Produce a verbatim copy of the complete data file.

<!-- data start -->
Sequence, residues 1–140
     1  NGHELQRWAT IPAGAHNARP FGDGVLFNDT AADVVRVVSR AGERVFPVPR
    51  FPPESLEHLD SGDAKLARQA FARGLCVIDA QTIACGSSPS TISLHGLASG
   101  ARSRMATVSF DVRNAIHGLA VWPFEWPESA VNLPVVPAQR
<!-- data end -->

Sequence, residues 1–140
     1  NGHELQRWAT IPAGAHNARP FGDGVLFNDT AADVVRVVSR AGERVFPVPR
    51  FPPESLEHLD SGDAKLARQA FARGLCVIDA QTIACGSSPS TISLHGLASG
   101  ARSRMATVSF DVRNAIHGLA VWPFEWPESA VNLPVVPAQR